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Does scent travel according to the inverse law?

Does scent travel according to the inverse law? - Physics Forum

Does scent travel according to the inverse law? - Physics Forum. Discuss and ask physics questions, kinematics and other physics problems.


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  #1  
Old 09-24-2003, 02:34 PM
Donald G. Shead
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Default Does scent travel according to the inverse law?



Like scent travels "downwind": Is there any connection with the inverse law
of light radiation and gravitational intensity?


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  #2  
Old 09-24-2003, 02:51 PM
Rod
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Default Does scent travel according to the inverse law?

In terms of density of the scent, the law will be 1/r^2.
(assuming no wind and constant source)

This is because the volume of a thin spherical shell increases as r^2

However I believe a nose is very non-linear, so the perceived law would be
very different.


"Donald G. Shead" <[Only registered users see links. ]> wrote in message
news:dYhcb.1819$[Only registered users see links. ].prodigy.co m...
law


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  #3  
Old 09-24-2003, 02:58 PM
Donald G. Shead
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Default Does scent travel according to the inverse law?


"Rod" <[Only registered users see links. ]> wrote in message
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I agree Rod, but there's seldom a complete lack of "upwind" or "downwind".


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  #4  
Old 09-24-2003, 02:59 PM
Constantine
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Default Does scent travel according to the inverse law?


"Donald G. Shead" <[Only registered users see links. ]> wrote in message
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law

It's about diffusion.

Kostas.



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  #5  
Old 09-24-2003, 03:04 PM
Donald G. Shead
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Default Does scent travel according to the inverse law?


"Constantine" <[Only registered users see links. ].uk> wrote in message
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There ya go again: Too brief and to the point. Can't cha tell me a little
about how it diffuses?


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  #6  
Old 09-24-2003, 03:22 PM
Rod
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Default Does scent travel according to the inverse law?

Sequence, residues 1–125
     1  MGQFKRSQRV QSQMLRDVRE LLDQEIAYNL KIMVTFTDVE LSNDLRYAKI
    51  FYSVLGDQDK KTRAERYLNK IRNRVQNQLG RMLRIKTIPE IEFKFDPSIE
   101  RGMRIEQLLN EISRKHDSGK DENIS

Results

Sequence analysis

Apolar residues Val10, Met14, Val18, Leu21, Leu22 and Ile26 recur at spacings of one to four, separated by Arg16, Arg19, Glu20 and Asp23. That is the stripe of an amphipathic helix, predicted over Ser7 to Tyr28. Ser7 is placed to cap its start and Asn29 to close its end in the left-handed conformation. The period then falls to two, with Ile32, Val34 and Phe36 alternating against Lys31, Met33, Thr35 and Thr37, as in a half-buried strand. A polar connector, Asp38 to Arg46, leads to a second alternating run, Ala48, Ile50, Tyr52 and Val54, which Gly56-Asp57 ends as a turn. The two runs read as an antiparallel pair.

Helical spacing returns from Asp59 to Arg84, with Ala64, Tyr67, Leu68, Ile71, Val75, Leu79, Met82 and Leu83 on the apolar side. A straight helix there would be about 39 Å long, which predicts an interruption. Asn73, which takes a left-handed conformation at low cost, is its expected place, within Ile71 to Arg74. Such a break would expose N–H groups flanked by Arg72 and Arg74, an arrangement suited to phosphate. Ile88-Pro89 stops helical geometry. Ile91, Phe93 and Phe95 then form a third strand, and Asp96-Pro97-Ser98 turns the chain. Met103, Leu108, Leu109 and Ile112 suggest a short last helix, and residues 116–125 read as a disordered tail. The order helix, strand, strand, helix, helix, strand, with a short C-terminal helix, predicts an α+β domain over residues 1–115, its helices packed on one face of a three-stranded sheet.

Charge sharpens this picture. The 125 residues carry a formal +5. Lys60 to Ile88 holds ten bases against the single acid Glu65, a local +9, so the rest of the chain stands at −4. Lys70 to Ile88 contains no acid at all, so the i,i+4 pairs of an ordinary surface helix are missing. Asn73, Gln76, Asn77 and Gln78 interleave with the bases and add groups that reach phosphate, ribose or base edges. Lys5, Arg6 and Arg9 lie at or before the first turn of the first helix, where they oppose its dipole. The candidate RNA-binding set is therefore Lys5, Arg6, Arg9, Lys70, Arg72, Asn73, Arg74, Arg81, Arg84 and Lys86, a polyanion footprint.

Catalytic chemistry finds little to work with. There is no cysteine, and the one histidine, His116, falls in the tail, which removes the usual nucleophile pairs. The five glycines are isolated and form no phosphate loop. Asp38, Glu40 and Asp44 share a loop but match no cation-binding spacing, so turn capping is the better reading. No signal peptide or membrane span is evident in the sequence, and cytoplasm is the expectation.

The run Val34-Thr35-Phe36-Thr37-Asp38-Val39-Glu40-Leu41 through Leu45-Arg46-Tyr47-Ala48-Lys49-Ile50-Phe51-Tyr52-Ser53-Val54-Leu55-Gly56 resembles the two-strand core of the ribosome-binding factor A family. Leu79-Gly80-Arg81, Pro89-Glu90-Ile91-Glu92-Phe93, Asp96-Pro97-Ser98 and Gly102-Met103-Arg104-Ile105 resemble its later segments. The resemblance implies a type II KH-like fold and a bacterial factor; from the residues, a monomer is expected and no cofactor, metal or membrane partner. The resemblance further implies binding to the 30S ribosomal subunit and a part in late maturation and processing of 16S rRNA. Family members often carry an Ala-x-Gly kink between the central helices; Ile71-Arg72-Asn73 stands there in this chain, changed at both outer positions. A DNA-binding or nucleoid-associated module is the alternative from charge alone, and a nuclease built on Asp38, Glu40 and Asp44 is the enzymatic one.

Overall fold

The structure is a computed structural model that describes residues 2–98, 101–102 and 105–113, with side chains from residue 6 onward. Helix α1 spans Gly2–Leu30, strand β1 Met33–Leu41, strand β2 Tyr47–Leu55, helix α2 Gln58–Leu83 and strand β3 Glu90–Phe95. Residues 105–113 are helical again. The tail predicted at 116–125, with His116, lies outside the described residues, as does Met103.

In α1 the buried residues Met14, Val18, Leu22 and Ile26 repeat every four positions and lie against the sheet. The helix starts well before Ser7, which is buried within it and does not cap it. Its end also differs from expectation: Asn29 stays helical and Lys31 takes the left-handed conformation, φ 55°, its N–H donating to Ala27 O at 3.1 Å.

If the wind is strong enough you will have a cone with the apex at the sent
source.
(with a well behaved wind!!!!)

for a mild wind I guess you have a sphere morphing into a cone.


"Donald G. Shead" <[Only registered users see links. ]> wrote in message
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be


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  #7  
Old 09-24-2003, 03:57 PM
Constantine
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Default Does scent travel according to the inverse law?


"Donald G. Shead" <[Only registered users see links. ]> wrote in message
news:0oicb.1823$[Only registered users see links. ].prodigy.com ...
inverse

OK, suppose that you leave a bottle with some perfume open in your house.
Sooner or later, you will smell it at the other end of the house, right?
What happens is that part of the perfume evaporates. That includes molecules
of alcohol and whatever else makes the perfume. If the bottle was closed,
this vapour would stay inside and right on top of the liquid perfume. But
the bottle is open, the molecules of the vapour are in a Brownian motion,
they mix with the molecules of the air (which are also in a state of
Brownian motion!) and eventually are carried away from the bottle. That's
what diffusion means. Now, the density of the perfume's vapour decreases the
further you are from the bottle. Yet, even a few molecules, are sufficient
to interact with your nose and thus you can detect it (i.e., smell it!).

It is the same phenomenon with diffusion of ink in water. Take a big jar of
water (transparent, so you can see what goes on inside) and drop a small
amount of ink. Then you will see how the ink diffuses in the water.

Unfortunately, I don't have handy a book of physics around me, so that I can
give you further references and/or a mathematical description.

Kostas.



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  #8  
Old 09-25-2003, 12:42 AM
Chris
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Default Does scent travel according to the inverse law?

No its patchy like clouds
"Donald G. Shead" <[Only registered users see links. ]> wrote in message
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law


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